Cassidy, Hauser, Coe, Richardson also on Membership First list
Variety first reported last week that Morales and current SAG-AFTRA co-president Ken Howard were facing off for the presidency of the performers union. Jane Austin is seeking the secretary-treasurer slot as part of the Membership First slate, which has adopted the slogan “Champions for real change, not pocket change.”
SAG-AFTRA has not yet certified the candidates for the election, which will take place starting July 15. Membership First, which touts itself as progressive, plans to run a slate of 17 candidates.
Morales, a former SAG national board member, told Variety that he was first approached a month ago about making a run after current board member Sheen had turned down the role.
“I’ve subbed for Martin Sheen before — as a replacement on the national board,” he added.
Morales said that he’s become increasingly distressed over the slow payment of residuals, lack of transparency by the union during the recent commercial contracts negotiations, the erosion of standards for middle-class actors and the recent moves to close 10 of the branch offices.
SAG-AFTRA national exec director David White recently told Variety that the average wait for residual checks is now 56 days, an increase of eight days from late 2010 and called that amount of time “unacceptable.”
“SAG-AFTRA has become a very top-down organization,” Morales said. “We need to see the leaders advocate for the non-star actors. Despite the ‘All is Well’ message from the leaders, we are in crisis. I intend to be the triage president of SAG-AFTRA.”
Morales said he’s not going to attack Howard during the campaign but instead offer members support and alternatives amid a toughening landscape for actors.
He noted that his first show business job was as an extra on Howard’s “The White Shadow” before going on to star in “La Bamba” and “NYPD Blue.” Morales has a recurring role on Starz’ “Magic City.”
Howard and Roberta Reardon have been co-presidents of SAG-AFTRA since March, 2012, when members approved the merger of the Screen Actors Guild and the American Federation of Television and Radio Artists.
Austin is a stuntwoman and recently performed in Lionsgate’s “Divergent.” She previously served for a decade as a national board member for SAG and AFTRA.
Morales and Austin admitted that Membership First won’t be able to win enough seats at the election to gain control of the SAG-AFTRA board from the Unite for Strength faction, which first took over the SAG board four years ago and avidly pursued merger.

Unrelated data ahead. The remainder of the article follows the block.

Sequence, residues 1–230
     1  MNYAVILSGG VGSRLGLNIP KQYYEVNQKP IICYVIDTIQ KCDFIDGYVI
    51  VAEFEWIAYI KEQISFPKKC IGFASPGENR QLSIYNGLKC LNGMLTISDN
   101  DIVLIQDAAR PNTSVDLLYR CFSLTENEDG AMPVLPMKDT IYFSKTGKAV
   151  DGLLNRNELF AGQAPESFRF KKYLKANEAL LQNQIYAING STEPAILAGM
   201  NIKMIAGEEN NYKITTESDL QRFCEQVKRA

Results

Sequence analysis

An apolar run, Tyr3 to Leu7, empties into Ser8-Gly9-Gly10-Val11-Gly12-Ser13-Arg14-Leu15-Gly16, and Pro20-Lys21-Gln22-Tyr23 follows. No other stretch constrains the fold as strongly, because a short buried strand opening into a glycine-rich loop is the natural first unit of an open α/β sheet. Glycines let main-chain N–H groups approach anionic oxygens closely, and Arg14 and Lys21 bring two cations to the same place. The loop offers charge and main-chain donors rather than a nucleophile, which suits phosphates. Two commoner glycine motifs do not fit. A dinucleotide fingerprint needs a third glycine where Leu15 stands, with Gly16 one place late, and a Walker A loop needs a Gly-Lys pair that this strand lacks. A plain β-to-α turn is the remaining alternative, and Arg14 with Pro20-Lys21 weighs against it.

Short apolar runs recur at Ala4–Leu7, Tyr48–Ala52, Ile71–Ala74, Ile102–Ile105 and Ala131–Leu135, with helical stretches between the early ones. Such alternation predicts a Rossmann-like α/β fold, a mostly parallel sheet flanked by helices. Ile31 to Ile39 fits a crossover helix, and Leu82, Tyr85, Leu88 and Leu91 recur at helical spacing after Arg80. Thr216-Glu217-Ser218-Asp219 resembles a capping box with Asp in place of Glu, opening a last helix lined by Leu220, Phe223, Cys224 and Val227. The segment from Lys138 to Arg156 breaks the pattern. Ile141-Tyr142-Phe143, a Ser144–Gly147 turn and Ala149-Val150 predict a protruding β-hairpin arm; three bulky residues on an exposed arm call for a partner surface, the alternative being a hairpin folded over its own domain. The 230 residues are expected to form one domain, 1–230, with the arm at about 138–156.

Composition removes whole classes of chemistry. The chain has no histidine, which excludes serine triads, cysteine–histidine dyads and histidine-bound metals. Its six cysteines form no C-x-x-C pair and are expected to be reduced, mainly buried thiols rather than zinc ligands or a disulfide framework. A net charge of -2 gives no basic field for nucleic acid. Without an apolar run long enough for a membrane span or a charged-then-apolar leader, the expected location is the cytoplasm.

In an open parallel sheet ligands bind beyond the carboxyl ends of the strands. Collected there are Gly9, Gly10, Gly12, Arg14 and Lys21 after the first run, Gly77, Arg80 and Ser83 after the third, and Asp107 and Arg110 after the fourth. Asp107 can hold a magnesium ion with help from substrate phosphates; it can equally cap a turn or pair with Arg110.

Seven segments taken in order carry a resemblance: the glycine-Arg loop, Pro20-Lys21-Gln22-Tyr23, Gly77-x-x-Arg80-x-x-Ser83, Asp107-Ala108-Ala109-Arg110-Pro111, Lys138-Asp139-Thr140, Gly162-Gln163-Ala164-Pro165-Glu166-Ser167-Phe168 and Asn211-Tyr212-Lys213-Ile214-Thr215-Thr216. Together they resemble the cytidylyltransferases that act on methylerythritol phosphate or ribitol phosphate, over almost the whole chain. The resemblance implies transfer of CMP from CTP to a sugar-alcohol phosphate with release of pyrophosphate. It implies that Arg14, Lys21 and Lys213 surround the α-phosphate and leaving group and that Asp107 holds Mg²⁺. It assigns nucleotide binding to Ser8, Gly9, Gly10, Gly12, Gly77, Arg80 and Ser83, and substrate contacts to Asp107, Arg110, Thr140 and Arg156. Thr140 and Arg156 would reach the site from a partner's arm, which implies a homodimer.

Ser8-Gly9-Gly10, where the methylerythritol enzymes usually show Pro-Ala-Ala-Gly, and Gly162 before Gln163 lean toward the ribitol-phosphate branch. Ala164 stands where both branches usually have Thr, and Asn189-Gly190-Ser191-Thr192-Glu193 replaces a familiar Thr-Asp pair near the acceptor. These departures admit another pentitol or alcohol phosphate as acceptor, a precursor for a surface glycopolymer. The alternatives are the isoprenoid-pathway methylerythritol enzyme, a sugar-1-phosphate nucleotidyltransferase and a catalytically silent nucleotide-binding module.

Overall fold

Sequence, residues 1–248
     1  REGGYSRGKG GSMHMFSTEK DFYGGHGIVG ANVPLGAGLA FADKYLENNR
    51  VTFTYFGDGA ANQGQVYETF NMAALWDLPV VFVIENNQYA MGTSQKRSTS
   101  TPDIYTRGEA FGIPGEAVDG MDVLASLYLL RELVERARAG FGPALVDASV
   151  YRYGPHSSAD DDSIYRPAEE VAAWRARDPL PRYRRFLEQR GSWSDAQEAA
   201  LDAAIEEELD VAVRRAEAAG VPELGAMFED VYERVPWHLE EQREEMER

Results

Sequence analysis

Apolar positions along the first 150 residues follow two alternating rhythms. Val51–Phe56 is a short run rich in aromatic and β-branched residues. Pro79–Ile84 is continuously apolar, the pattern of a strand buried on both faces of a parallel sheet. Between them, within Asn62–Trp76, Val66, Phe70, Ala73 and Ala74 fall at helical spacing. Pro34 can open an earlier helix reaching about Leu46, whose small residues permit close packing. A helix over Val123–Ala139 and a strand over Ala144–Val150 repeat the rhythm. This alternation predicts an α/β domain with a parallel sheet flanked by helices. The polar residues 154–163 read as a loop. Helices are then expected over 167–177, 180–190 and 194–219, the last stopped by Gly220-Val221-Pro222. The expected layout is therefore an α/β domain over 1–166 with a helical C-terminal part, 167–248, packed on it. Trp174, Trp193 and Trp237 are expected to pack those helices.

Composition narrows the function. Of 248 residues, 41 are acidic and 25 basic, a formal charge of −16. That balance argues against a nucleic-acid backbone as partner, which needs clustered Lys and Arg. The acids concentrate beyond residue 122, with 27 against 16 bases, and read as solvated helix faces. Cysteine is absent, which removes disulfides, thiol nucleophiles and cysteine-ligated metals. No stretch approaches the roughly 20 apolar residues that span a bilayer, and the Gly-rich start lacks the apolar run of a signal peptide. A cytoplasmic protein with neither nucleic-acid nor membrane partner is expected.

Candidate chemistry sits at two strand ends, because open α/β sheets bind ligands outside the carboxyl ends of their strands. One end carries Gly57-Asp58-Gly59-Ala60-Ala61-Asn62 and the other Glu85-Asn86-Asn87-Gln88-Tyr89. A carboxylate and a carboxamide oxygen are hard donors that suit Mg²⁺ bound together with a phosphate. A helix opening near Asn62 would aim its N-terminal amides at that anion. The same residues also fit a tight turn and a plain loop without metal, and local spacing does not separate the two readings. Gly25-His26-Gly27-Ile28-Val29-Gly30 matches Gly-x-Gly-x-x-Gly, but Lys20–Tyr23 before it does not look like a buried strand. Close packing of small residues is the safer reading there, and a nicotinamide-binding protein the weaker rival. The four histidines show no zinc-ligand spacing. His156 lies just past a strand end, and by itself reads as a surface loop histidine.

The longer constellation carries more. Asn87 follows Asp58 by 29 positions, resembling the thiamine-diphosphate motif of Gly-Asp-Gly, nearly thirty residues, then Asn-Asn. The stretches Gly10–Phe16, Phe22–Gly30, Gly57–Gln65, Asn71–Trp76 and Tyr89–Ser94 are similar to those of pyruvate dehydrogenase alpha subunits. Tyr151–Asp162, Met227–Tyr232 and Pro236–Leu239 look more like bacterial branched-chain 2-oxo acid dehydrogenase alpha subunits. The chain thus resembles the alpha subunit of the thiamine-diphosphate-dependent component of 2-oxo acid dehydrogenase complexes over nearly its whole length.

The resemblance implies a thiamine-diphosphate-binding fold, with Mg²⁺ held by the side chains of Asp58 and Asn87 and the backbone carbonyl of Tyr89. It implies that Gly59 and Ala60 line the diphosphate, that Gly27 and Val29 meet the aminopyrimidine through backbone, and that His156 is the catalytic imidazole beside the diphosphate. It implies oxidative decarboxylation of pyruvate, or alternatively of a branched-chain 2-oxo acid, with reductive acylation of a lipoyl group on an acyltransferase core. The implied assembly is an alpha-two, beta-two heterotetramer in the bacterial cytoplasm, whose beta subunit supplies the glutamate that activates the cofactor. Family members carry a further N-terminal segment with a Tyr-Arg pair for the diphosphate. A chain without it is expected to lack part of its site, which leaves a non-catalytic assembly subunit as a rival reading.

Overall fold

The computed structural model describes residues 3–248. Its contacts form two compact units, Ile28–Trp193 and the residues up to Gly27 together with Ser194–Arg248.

Ballots for the national, Los Angeles and New York elections will go out July 16 with an Aug. 15 deadline for receipt of ballots. Those contests will determine the president, secretary-treasurer and most board members; an exec VP and seven other VPs will be elected at the first SAG-AFTRA convention in late September.
The self-styled progressives in the Membership First faction did not enter a slate in the final SAG election in 2011 after being defeated convincingly by the self-described moderates of Unite for Strength, who had avidly pursued merger. Membership First lost all 13 of their open seats on the 71-member national board in 2010, including Morales.
Membership First, which strongly opposed merger votes in 1999, 2003 and last year, opposed the merger on the grounds that it would take away SAG’s unique character as an actors union. It asserted during the campaigns that it would support a merger only if it excluded AFTRA’s broadcasters, journalists and recording artists.
Morales said the Membership First platform will not include the specific issues raised by the May 24 suit filed by 15 members of SAG-AFTRA — including George Coe and former SAG president Ed Asner — against the union, alleging extensive misconduct in its handling of foreign levies and residuals they are owed.
SAG-AFTRA has denied the allegations, alleging that SAG-AFTRA has improperly withheld funds and stonewalled requests for information about $110 million held in trust by the union. Those funds, the suit alleges, have been collected by the union through foreign collecting societies without authorization or knowledge of union members.